Slowing light to a crawl

Light, which normally travels from the Moon to Earth in less than two seconds, has been slowed to 38mph using a state of matter first proposed by Albert Einstein and Satyendra Nath Bose in 1924.

Based on the theory that atoms crowded close enough together in ultra-low temperatures will lose their identity as individual particles and behave like a single super-atom, it is not until now that scientists have been able to actually put the Bose-Einstein condensate to the test.

Led by Harvard physicist Lene Hau, and first reported in the Harvard University Gazette, the experiments required vacuums trillions of times lower than the pressure of air at the Earth’s surface, and temperatures almost a billion times colder than that in interstellar space.

Hau began with a beam of sodium atoms, moving at speeds of more than a thousand mph, injected into a vacuum chamber.

Laser beams moving at the normal speed of light collide with the atoms which absorb particles of light (photons) and slow down. The laser light also orders their random movement so they move in only one direction.

When the atoms slow to around 100mph, they are loaded into a web of more laser beams. Each time an atom collides with a photon it’s knocked back in the direction from which it came, further slowing it down, or cooling it.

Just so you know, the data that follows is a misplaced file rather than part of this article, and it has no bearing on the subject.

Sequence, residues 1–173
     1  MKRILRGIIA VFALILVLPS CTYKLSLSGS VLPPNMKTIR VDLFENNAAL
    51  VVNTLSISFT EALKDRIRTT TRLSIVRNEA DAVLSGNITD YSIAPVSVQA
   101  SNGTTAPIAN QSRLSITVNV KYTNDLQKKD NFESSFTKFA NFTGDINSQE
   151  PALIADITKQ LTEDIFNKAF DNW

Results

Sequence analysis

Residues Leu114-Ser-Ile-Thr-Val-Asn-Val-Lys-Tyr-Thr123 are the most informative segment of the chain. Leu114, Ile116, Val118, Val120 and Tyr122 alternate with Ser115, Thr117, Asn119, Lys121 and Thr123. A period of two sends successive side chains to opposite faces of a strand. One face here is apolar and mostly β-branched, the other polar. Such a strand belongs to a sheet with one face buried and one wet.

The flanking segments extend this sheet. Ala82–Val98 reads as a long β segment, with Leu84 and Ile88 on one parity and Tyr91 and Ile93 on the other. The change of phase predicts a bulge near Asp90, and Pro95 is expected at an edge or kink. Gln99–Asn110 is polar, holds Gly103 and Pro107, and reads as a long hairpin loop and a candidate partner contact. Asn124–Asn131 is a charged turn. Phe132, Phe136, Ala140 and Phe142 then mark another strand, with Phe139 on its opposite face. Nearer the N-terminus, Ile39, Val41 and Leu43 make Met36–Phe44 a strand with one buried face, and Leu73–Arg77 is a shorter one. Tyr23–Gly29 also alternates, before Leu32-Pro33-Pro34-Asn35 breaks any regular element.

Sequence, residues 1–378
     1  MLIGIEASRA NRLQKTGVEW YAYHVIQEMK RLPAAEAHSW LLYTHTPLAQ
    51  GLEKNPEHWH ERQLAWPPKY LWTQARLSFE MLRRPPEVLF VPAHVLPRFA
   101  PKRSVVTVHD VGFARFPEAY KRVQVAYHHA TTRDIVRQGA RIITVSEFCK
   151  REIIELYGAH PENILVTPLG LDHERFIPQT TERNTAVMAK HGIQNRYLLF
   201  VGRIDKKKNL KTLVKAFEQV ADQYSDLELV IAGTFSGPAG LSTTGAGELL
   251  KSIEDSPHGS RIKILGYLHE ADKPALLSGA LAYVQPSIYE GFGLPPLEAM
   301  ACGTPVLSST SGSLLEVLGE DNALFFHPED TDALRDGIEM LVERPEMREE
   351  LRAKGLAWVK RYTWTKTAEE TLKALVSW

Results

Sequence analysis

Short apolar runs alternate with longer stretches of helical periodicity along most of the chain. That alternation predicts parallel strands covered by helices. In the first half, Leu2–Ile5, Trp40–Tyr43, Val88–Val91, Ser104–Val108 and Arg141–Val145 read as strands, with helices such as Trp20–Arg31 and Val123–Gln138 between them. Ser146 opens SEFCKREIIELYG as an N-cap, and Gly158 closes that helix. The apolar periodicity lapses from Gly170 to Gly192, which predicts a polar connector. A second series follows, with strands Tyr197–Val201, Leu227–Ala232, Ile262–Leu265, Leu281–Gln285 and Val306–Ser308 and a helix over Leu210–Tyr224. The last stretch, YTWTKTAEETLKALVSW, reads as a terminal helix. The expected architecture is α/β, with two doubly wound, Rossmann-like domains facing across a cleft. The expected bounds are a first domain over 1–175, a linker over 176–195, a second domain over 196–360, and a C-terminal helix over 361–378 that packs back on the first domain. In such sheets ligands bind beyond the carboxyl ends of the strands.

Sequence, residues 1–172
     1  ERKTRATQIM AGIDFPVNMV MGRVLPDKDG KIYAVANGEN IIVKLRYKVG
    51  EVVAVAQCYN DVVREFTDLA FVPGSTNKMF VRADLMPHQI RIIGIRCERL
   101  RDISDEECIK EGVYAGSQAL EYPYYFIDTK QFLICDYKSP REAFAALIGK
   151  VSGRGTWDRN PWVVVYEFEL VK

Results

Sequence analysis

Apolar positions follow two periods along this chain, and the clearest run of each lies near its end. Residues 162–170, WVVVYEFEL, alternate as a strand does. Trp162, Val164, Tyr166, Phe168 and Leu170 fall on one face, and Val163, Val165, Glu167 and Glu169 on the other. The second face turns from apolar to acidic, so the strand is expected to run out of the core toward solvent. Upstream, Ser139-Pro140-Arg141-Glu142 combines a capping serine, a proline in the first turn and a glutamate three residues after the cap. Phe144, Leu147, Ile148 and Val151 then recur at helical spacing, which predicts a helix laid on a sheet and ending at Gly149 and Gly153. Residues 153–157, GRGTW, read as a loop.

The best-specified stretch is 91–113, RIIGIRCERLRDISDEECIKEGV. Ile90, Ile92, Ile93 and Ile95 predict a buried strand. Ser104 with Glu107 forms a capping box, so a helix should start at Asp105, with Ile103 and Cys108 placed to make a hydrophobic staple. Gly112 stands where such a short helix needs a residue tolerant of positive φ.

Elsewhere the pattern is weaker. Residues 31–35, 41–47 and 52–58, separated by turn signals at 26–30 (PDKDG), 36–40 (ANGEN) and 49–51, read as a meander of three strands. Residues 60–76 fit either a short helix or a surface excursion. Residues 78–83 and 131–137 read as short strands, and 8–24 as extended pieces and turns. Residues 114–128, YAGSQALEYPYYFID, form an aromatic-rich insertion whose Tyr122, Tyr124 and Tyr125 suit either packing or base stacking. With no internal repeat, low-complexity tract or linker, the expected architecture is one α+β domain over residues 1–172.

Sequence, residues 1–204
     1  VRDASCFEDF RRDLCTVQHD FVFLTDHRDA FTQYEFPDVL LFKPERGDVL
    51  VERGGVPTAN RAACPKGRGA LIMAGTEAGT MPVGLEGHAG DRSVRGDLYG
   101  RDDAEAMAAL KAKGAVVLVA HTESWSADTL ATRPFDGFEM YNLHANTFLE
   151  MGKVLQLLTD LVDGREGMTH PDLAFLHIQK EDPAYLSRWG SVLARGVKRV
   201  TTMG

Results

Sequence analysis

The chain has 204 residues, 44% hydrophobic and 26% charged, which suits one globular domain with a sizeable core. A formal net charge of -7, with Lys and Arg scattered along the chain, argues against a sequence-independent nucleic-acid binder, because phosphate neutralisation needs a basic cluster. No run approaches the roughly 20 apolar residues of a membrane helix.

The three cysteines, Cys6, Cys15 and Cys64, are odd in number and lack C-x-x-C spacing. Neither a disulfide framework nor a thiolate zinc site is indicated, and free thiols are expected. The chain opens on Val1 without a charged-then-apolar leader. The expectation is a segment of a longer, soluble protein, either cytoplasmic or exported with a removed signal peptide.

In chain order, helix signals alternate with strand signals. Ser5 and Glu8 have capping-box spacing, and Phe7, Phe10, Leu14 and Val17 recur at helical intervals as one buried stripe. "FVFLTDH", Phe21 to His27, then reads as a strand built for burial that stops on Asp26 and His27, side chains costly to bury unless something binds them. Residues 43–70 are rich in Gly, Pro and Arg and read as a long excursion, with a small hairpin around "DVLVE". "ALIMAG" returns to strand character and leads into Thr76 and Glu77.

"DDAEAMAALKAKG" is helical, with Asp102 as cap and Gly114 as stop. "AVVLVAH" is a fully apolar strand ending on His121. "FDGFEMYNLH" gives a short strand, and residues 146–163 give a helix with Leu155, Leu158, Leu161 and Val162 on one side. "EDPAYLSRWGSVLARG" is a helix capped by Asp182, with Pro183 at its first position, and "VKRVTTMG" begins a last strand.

Finally, with most of the atoms packed in a cigar-shaped clump, atoms still too hot or energetic are kicked out of the magnetic field in a process described as ‘evaporative cooling’.

The stage is now set for slowing light. A laser is shot across the width of the cloud of condensate, this controls the speed of a second pulsed laser beam shot along the length of the cloud. The first laser sets up a ‘quantum interference’ such that the moving light beams of the second laser interfere with each other. When everything is set up correctly, the light can be slowed by a factor of 20 million.

It is thought that the ability to slow the speed of light will find useful applications in the potential to send data, sound, and pictures in less space and with less power. It is also thoughts that the results of these experiments will help research into new types of laser projection systems and night vision cameras with power requirements a million times less than what is presently possible.